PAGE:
Nun Monkton is a village and civil parish in the Harrogate district of North Yorkshire, England. It is situated 8 miles north of York at the confluence of the rivers Nidd. Cottages and houses are grouped around a village green of 20 acres with a maypole; the Ouse is navigable for another 19 miles and river traffic played an important part in the village's life until the middle of the twentieth century. Until 1974 Nun Monkton was in the West Riding of Yorkshire; some sort of settlement has existed since the earliest times. The name "Monkton" appears to reflect a pre-Viking or Anglian settlement in the 8th and 9th centuries; the village is mentioned in the late 11th-century Domesday Book where it is referred to – like most villages in northern Yorkshire – as vastatus i.e. deliberately wrecked by the invading Normans to prevent uprisings against them. A hermitage or small monastic settlement may have existed at Nun Monkton during the Anglian period in Northumbria, prior to the arrival of the Vikings, giving rise to the'Monkton' part of the village's name.
The arrival of the nuns came about a century after the Norman Conquest. In 1172 an Anglo-Norman landowner, Ivetta of the Arches, endowed a small Benedictine nunnery which owned the village and stood on the important ford route from York and Moor Monkton to the south and Beningbrough and Shipton to the north, coming across the river; these routes ended. The Priory existed until 1536 when it was dissolved by Henry VIII, despite a plea from his second wife, Anne Boleyn, that it be spared. Records suggest that some of the nuns, returned to their families with small pensions of £4 a year and still under monastic vows of celibacy, endured considerable hardship as a result of the closure of the convent. Though Nun Monkton village remained a single estate until the 1930s, it changed hands several times after the Protestant Reformation, its first owner was John Neville, the 3rd Baron Latimer and the second husband of Katherine Parr the last wife of Henry VIII. Latimer, granted in 1538, bequeathed it and lands in Hammerton to his daughter at his death in 1543.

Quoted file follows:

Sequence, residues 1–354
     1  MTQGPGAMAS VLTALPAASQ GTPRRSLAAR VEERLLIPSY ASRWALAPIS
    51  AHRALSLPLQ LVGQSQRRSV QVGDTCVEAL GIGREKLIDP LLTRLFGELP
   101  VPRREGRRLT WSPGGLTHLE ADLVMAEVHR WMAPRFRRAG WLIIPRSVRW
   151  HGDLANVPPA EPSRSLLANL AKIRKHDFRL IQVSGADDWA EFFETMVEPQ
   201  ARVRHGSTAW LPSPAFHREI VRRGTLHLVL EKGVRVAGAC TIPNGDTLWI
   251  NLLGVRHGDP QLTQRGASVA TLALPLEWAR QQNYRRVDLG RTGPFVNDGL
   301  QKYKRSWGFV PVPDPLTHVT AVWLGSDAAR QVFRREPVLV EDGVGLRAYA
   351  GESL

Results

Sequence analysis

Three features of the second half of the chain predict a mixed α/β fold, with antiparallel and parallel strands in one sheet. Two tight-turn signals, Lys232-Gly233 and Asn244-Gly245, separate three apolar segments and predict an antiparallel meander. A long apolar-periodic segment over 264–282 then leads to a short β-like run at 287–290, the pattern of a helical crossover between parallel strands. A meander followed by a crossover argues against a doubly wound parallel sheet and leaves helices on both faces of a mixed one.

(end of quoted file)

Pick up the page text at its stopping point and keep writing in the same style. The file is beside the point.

During the 17th century and the first half of the 18th century, it was owned by the Payler family. On 2 July 1644 the Battle of Marston Moor, one of the largest battles fought on English soil, took place in fields some miles to the south-west of the village. Royalist troops under Prince Rupert crossed the Ouse between Beningbrough and Nun Monkton and proceeded on to Skipbridge where they crossed the Nidd and joined battle with the Parliamentarian army; because of its proximity to the battlefield, Nun Monkton must have been directly affected but there seem to be no traditions, though older villagers in the late twentieth century reported claims that fallen soldiers were buried around St. Mary's Church. In 1748 the estate and those in surrounding villages passed to William Tufnell Jolliffe upon the death of his uncle Nathaniel Payler. A painting dated to 1773 shows Squire William Tufnell with his son on horseback amid a pack of hounds, looking across from the Moor Monkton bank of the Nidd at Nun Monkton Priory and Church.
Despite the passage of 237 years, the view is unchanged today. An elaborate early nineteenth century monument to the Tufnell family is today in the sacristy on the north side of the church. Before 1871 it was in the old sanctuary of the church and seems to have been somewhat damaged during while being moved. George IV while Prince of Wales, is believed to have had lunch at the Priory during a visit to Yorkshire. In the 1840s one visitor to the village would have been the novelist Anne Brontë, her brother Branwell. During her time as a governess to the Robinson family at Thorpe Green, Little Ouseburn, Brontë taught the children of the rector of Nun Monkton. In 1860, Isaac Crawhall, a Durham-born gentleman, bought Nun Monkton from the Tufnell family and his family owned the estate and lived at the Priory until it was bought by the Whitworth family in the 1920s. Crawhall was responsible for the redesigning of the church and the building of the new roof and chancel between 1871 and 1875. A painting of villagers standing outside St.